In cold weather a vented heater should be located outside the building during placement of a topping.

Industry recommendations are that the base slab should be maintained at a temperature of at least 40 F during placement and curing of the topping to promote hydration, strength development, and avoid early-age freezing. Cooler base slabs may retard the set of the topping mix, prolonging bleed time and finishing activities. This may also make the topping more susceptible to other finishing issues such as plastic shrinkage and surface crusting. Whenever possible, we recommend heating the base slab to prevent freezing and provide acceptable curing conditions.

Cold weather topping mixtures can be designed to help offset the effects of ambient and base slab temperature on setting time. Replace slower reacting supplementary cementitious materials with straight cement, use Type III cement, and use accelerating admixtures (consider increasing dosage as the placement progresses to maintain an even setting time).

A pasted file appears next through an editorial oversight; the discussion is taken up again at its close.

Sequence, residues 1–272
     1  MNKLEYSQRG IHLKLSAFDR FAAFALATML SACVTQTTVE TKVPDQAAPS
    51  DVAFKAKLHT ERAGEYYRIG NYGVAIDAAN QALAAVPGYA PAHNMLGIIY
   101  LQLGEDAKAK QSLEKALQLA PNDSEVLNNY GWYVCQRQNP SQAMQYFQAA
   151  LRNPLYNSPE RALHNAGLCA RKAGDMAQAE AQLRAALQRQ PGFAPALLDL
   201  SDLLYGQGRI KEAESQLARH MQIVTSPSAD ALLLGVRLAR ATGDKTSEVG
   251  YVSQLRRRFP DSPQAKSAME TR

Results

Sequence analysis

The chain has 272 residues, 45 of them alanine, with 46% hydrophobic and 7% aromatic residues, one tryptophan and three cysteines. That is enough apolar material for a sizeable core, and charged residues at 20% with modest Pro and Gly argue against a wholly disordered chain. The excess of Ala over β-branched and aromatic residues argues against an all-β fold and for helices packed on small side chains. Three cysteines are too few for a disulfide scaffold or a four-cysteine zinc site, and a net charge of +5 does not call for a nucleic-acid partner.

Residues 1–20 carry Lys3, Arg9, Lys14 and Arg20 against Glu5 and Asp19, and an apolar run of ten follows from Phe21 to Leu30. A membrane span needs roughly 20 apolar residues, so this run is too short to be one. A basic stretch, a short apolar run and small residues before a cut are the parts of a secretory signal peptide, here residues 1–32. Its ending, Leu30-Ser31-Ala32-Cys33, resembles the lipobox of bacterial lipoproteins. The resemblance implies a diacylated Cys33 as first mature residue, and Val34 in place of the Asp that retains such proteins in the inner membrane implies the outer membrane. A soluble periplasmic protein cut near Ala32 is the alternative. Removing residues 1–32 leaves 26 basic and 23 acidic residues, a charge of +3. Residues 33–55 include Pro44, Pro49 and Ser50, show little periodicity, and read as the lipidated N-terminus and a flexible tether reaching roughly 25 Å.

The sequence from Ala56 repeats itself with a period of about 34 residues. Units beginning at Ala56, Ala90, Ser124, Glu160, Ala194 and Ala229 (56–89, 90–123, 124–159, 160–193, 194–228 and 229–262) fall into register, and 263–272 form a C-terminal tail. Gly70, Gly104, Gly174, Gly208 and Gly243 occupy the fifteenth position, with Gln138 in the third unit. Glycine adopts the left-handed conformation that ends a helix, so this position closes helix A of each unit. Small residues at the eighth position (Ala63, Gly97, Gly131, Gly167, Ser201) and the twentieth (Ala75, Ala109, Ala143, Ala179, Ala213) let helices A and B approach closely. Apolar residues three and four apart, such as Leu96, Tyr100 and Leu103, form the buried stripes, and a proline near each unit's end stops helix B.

Moisture conditioning the prepared base prior to placement can be challenging in cold weather. Pre-wetting the base slab is not recommended if freezing is expected. Most toppings, however, are constructed on existing slabs where the building is constructed and enclosed. Therefore, adding heat to the area where the topping will be placed is usually less of a challenge than it is during initial construction of the superstructure and base slab.

As with pre-wetting of the base, moist curing should also be avoided if freezing is expected. However, thin bonded toppings are particularly sensitive to early drying while the bond strength is developing. If the bonded topping dries and shrinks prior to developing adequate bond strength to the base, shear forces can cause the topping to delaminate from the base. Once delamination occurs at an early age, the topping will not reestablish bond to the substrate. Therefore, preventing early drying is an important factor in the construction of bonded toppings.